Showing posts from September, 2022

Logging Strategy For Software Applications

  Logging Strategy For Software Applications Tarun Pabbi   /  February 19, 2020 Diagnostic logging within the software applications was a powerful tool in the initial stages of the software development, where we had very few IDE’s available and even lesser with debugging support. The best way to know your code execution was by adding log statements in the flow and then analysing the logs. Even recently we follow the same approach for client-side debugging in the browser by looking at the log statements in the console. But due to new powerful debugging tools and now even remote debugging capabilities in new IDE’s like Visual Studio we put less effort on log statements. Mostly they are added only after an issue occurs in the deployed version, due to which the quality and focus of the log statement tend to be towards the problem in hand instead of the holistic approach towards code execution. Another issue we encountered with logging is the performance impact. Usually, when we require a h

Performance Improvement for Azure Web Apps

  One of the main features of PaaS services like Azure Web Apps is its ability to run and deliver great performance without any external configuration. Everything is managed out of the box for you by Microsoft Azure and you just reap the benefits of this exceptional service offering. However, there may be scenarios when you are not getting the desired behaviour from your application in terms of performance even after doing all the  regular tweaks . If you are convinced that there is nothing left to optimise within the application, but your resources are still under utilised like CPU/Memory, you can increase the minimum thread count available for your application. There are two types of threads available to your web application: Worker Thread – These threads are used for Processing your requests or performing background operations. I/O Thread – These threads are used whenever you are performing any I/O task like reading from external service or network. By default, the minimum thread co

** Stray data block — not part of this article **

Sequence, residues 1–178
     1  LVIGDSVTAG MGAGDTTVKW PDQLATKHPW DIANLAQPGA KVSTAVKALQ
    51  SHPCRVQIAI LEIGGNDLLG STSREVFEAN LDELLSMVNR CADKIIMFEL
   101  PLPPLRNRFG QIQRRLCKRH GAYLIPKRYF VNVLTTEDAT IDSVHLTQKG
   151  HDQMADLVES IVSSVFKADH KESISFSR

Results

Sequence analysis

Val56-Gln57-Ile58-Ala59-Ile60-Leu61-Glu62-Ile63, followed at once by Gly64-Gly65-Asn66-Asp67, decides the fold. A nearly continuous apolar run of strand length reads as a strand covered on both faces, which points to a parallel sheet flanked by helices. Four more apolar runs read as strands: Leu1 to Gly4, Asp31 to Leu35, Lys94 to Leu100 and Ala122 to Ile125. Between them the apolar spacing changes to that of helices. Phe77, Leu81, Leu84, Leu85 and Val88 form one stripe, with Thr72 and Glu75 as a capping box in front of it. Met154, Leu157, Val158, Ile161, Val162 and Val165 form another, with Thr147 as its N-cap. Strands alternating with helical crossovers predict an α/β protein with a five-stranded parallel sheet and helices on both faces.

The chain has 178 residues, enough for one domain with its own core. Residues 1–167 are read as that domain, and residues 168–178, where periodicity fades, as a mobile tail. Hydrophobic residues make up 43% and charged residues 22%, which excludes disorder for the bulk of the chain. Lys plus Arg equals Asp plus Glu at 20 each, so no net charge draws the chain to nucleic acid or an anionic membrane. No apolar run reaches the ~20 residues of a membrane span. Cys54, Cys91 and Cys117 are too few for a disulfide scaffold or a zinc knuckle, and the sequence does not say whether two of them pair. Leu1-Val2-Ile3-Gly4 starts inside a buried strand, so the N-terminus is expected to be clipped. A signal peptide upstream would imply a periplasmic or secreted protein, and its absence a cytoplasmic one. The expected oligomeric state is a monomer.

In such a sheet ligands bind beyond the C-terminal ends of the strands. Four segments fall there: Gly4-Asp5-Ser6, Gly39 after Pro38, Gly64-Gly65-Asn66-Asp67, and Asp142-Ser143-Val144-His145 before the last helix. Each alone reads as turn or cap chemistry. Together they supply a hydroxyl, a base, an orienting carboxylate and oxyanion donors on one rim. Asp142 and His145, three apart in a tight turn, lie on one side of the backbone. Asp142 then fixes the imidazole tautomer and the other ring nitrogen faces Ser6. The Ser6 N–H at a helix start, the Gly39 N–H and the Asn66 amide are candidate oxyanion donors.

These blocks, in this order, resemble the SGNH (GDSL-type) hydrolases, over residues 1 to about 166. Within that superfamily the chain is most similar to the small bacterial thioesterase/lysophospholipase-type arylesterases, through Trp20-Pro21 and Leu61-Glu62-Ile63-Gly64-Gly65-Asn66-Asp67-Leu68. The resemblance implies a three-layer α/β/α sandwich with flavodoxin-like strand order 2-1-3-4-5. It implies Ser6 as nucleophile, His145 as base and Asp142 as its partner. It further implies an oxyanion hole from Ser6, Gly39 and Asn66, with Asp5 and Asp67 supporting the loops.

Automatically Cleaning Kubernetes Namespace

If you are working with Kubernetes, then chances are that you must have used namespaces to isolate your services or environments. Namespaces are a powerful way to organise your services or environments and have different policies like access control, ingress or telemetry configured for them. However, there might be scenarios where you have to clean these namespaces at specified time or interval. For example, if you have multiple developers working in your team and you want to provide them an isolated environment within your cluster (instead on their local setup, could be due to any reason like external dependency) you can use Kubernetes namespaces in this scenario. Now, when your developers want to test their code in K8s cluster, they can simply deploy their code to specific namespace(manually or through automated setup) and never worry about conflicting changes from other team members. You can have different namespaces with developer name or each git branch name. However, with this ki